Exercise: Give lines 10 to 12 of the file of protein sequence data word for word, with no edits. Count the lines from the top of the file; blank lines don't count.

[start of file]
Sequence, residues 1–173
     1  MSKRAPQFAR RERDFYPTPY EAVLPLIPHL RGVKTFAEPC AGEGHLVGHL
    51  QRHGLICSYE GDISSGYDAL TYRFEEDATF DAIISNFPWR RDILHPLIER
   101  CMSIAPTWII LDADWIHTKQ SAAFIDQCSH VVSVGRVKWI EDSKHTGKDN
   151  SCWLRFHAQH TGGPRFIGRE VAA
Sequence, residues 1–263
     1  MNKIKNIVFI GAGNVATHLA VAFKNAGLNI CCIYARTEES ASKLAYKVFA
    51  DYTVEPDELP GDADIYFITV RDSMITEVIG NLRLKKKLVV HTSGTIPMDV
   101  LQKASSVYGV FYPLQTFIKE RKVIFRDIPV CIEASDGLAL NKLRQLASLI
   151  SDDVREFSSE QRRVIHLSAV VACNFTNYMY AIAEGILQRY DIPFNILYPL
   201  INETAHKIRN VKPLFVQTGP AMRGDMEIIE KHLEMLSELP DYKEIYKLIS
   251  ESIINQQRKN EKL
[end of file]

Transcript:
   151  SDDVREFSSE QRRVIHLSAV VACNFTNYMY AIAEGILQRY DIPFNILYPL
   201  INETAHKIRN VKPLFVQTGP AMRGDMEIIE KHLEMLSELP DYKEIYKLIS
   251  ESIINQQRKN EKL